A civil society organisation, Independent Hajj Reporters, IHR, has appealed to Saudi Arabia to reduce the tax imposed on visa for Umrah and Hajj pilgrims.
The government of Saudi Arabia recently increased Hajj, Umrah and entry visa fees.
The oil-rich kingdom introduced an elaborate economic diversification programme away from its dependence on oil, following the global fall in the price of the commodity.
According to the new visa regime released in August and which came into effect October 2, “a one-time entry visa fee will be SR2,000, but the state will bear this fee if a visitor is coming to the Kingdom for the first time to perform Hajj or Umrah”.
The government said a six-month multiple-entry visa will now cost 3,000 Saudi Riyals (SR), a one year multiple-entry visa will cost SR5000, while a two-year multiple-entry visa will cost SR8000.
IHR, in a statement on Monday signed by its national coordinator, Ibrahim Mohammed, said visa fee for Umrah was increased from 650 SR to 2000SR.
The civil society group said implication of the increase is that “the cost of going for Umrah will triple because each pilgrim will have to pay additional SR2, 000 in addition to the Umrah package which includes the cost of return ticket, accommodation, transport and royalty.”
The Saudi cabinet had while announcing the new visa regime, however, said the changes “will not impact any bilateral deals already signed by Saudi Arabia and other countries”.
It also said as for transit visas, the new fee is going to be SR300, while exit visa fee for anyone leaving the Kingdom through its seaports will be SR50.
“Meanwhile, “exit and re-entry” visa fees for residents will be SR200 for a single trip for two months. SR100 will be charged for each additional month till the validity of residence permit (iqama). Exit and re-entry visa fee for multiple trips will be SR500 for three months. SR200 will be charged for each additional month till the validity of residence permit,” the government said.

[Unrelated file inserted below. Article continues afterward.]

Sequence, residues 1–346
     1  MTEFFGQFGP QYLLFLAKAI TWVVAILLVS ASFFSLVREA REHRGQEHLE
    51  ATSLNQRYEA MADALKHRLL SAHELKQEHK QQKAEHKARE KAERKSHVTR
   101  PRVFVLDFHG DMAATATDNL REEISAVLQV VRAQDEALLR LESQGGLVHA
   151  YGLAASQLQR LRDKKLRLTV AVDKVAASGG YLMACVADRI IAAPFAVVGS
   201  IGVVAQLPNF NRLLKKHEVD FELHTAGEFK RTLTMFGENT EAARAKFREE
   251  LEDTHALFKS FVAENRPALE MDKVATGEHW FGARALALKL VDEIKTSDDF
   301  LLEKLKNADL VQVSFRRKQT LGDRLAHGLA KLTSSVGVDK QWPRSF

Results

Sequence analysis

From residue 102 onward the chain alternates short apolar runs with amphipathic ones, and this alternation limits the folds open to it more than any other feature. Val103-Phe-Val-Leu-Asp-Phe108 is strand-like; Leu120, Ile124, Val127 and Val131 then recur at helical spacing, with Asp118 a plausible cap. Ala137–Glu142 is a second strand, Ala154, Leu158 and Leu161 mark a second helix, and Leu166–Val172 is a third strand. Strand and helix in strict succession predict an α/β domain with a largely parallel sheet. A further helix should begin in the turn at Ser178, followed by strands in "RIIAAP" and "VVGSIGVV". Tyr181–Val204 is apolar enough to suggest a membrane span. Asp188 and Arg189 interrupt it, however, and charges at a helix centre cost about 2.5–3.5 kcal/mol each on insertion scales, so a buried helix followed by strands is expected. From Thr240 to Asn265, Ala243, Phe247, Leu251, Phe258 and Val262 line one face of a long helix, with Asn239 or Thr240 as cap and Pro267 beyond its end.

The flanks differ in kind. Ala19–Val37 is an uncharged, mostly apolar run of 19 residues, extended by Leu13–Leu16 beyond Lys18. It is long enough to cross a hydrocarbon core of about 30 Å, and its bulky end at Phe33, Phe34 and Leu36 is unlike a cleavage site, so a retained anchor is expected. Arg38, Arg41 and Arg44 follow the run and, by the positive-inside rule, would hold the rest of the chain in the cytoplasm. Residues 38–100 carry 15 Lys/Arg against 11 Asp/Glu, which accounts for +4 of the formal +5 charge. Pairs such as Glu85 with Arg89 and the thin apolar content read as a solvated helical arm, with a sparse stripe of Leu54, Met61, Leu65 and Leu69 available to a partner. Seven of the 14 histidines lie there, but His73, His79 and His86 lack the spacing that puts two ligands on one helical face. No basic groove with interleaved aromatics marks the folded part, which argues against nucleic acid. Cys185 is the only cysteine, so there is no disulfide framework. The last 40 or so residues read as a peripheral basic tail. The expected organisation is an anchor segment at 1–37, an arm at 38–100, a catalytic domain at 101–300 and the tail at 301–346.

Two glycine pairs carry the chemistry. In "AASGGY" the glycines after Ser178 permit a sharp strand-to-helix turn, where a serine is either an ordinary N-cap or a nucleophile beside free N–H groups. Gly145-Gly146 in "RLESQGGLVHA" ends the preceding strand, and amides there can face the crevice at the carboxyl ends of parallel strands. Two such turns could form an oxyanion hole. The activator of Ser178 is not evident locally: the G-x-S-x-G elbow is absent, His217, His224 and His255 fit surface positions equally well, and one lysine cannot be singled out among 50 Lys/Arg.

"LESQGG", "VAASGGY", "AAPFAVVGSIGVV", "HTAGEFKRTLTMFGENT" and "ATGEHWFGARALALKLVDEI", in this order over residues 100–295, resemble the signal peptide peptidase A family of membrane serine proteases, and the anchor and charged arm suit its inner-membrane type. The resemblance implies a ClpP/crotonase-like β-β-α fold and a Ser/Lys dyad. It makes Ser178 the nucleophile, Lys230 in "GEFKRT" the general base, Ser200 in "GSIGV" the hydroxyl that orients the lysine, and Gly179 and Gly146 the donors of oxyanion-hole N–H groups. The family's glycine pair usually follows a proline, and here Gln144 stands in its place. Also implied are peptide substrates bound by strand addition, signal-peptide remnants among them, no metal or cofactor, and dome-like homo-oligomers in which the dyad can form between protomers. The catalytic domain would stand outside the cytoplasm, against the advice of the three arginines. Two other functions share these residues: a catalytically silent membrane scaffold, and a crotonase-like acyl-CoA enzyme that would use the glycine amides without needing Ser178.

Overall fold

Independent Hajj Reporters said that an estimated 1.1 million Nigerian Muslims perform Umrah while 76, 000 people perform Hajj every year.
It said if the new fee is not withdrawn; at least 40 percent of potential pilgrims from Nigeria would be deprived of Hajj and Umrah.
It said that the imposition of the new fee would also have a negative impact on Saudi Arabian economy because with a decrease in the number of Umrah pilgrims, “hoteliers, airliners, vendors, car syndicates services, shopkeepers, caterers would also lose substantial income.
“While we appreciate the Kingdom’s effort in making hajj a memorable and comfortable exercise for Muslims, we would like them to consider the global economic challenges confronting the Muslim dominated countries,” the statement said.
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